Movie Review: Anita O'Day the Life of a Jazz Singer

By Monica Sullivan
Movie Magazine International
When I interviewed Anita O'Day in North Hollywood in the 1990’s, she gave me a cool appraisal, then asked “Do You Know who I am?” Of course I knew who she was! It would have been more to the point if she’d asked who the heck I was! I’m always stunned when the supreme song stylist of the twentieth century is remembered as a cult figure instead of the musical giant. Although influenced by the great Billie Holliday (4 1/2 years her senior), Anita O’Day soon spun off into a rhythm all her own that left audiences breathless between 1941 and 2006.

The 2008 documentary “Anita O’Day the life of a Jazz Singer” shows her early work singing and jiving with Roy Eldredge in the Gene Krupa Band and continues right up to her life as a touring artist in the early part of this century. Affectionately made by fans and friends who became part of her professional circle, the film succeeds in capturing Anita O’Day at her best and worst and how she overcame her worst. Successfully battling heroin addiction is her proudest achievement.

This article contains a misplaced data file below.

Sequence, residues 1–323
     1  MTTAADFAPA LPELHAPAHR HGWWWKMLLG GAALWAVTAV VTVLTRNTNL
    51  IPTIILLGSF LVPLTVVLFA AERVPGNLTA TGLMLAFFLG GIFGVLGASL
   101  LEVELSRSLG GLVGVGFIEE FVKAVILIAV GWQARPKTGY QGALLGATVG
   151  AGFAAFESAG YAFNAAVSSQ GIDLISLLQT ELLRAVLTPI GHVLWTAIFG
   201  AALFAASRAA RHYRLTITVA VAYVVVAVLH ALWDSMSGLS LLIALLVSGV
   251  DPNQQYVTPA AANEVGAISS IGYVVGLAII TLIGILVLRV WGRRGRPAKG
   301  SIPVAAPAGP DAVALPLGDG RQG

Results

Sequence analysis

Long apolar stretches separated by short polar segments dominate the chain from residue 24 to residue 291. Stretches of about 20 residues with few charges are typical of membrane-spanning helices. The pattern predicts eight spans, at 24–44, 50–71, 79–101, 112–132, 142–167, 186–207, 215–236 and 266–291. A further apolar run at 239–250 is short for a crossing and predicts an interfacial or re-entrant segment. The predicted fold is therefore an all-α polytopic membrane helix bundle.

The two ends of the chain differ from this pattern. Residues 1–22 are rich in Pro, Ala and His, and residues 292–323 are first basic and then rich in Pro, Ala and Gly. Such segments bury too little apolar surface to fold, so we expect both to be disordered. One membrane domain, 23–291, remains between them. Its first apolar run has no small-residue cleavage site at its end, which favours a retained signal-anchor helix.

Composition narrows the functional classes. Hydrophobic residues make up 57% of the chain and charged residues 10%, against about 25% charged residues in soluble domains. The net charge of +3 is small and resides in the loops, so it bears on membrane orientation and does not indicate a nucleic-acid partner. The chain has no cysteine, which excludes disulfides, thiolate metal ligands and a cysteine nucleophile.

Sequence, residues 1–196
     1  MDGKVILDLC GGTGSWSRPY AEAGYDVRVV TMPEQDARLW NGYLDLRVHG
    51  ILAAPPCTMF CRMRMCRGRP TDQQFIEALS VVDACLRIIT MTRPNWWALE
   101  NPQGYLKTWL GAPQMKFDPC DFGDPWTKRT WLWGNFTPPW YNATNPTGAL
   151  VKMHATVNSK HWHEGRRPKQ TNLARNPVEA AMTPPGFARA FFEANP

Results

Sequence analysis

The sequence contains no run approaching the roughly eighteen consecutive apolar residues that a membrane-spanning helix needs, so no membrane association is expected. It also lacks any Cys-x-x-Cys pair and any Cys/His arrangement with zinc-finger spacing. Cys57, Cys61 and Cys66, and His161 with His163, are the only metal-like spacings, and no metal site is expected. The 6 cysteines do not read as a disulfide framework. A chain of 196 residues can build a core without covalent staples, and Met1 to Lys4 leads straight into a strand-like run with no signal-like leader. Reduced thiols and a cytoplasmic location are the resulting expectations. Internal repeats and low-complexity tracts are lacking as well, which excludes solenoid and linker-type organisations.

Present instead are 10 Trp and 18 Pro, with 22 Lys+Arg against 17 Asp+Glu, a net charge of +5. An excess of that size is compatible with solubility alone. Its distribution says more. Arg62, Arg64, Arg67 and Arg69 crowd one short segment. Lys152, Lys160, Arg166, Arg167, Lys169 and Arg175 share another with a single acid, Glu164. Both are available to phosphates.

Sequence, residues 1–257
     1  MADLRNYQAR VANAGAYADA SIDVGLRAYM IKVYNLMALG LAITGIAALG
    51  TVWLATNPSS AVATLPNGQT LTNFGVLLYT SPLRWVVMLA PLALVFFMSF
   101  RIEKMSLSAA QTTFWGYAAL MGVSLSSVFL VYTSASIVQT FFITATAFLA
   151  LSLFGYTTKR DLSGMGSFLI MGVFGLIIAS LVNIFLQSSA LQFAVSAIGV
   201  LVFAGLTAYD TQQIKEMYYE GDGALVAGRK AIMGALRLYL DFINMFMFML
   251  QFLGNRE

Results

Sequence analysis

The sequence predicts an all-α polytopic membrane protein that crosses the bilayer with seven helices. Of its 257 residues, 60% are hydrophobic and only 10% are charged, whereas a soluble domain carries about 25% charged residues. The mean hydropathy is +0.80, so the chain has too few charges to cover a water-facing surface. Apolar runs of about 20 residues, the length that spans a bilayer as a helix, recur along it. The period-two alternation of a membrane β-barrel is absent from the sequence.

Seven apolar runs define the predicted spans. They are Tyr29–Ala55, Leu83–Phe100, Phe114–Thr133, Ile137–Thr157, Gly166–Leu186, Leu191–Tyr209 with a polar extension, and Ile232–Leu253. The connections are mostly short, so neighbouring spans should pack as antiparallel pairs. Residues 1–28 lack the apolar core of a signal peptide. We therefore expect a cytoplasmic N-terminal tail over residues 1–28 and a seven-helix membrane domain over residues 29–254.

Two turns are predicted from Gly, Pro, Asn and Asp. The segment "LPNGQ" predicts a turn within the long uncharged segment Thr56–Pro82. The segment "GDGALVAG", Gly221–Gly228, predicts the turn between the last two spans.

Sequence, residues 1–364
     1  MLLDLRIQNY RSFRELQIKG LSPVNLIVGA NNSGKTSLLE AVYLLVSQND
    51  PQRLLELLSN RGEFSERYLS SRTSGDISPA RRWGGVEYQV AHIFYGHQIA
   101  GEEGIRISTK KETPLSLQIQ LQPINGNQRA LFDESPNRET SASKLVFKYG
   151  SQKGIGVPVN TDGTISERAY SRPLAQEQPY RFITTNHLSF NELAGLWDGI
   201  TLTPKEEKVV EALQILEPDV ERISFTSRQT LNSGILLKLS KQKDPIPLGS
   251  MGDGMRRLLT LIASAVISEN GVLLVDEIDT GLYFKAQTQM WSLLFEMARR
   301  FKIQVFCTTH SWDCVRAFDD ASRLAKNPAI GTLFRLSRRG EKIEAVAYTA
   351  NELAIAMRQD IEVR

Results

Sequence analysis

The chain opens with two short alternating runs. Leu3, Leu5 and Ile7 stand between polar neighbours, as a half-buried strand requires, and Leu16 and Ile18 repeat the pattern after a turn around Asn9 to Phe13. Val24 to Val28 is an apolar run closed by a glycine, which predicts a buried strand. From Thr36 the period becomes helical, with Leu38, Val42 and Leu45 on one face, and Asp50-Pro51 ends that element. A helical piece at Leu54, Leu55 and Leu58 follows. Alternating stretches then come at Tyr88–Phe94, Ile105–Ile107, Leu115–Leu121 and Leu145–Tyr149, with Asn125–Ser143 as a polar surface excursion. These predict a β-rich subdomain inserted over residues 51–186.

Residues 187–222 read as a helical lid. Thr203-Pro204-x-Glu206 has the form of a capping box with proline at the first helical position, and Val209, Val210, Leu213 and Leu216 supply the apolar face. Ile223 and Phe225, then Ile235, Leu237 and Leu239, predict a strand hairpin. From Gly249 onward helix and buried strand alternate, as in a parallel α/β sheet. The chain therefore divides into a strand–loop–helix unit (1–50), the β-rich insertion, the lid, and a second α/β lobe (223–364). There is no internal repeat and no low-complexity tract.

Through it all, her glorious voice, her innovative scat-singing, her sense of humor and her razor sharp observations make this 92 minute tribute fly. One of the producers is old friend Nancy Field O’Connor who lost her son, Hugh, to drug addiction. Robbie Cavolina and Ian Mcrudden have done an affectionate honest job in celebrating Anita O’Day’s life and work. It’ll make you want to rush right out to see “Jazz On A Summer’s Day” or search for her best Verve records. If you’ve never seen or heard of Anita O’Day, get ready for a roller coaster ride.
More Information:
Anita O’Day the life of a Jazz Singer
USA - 2008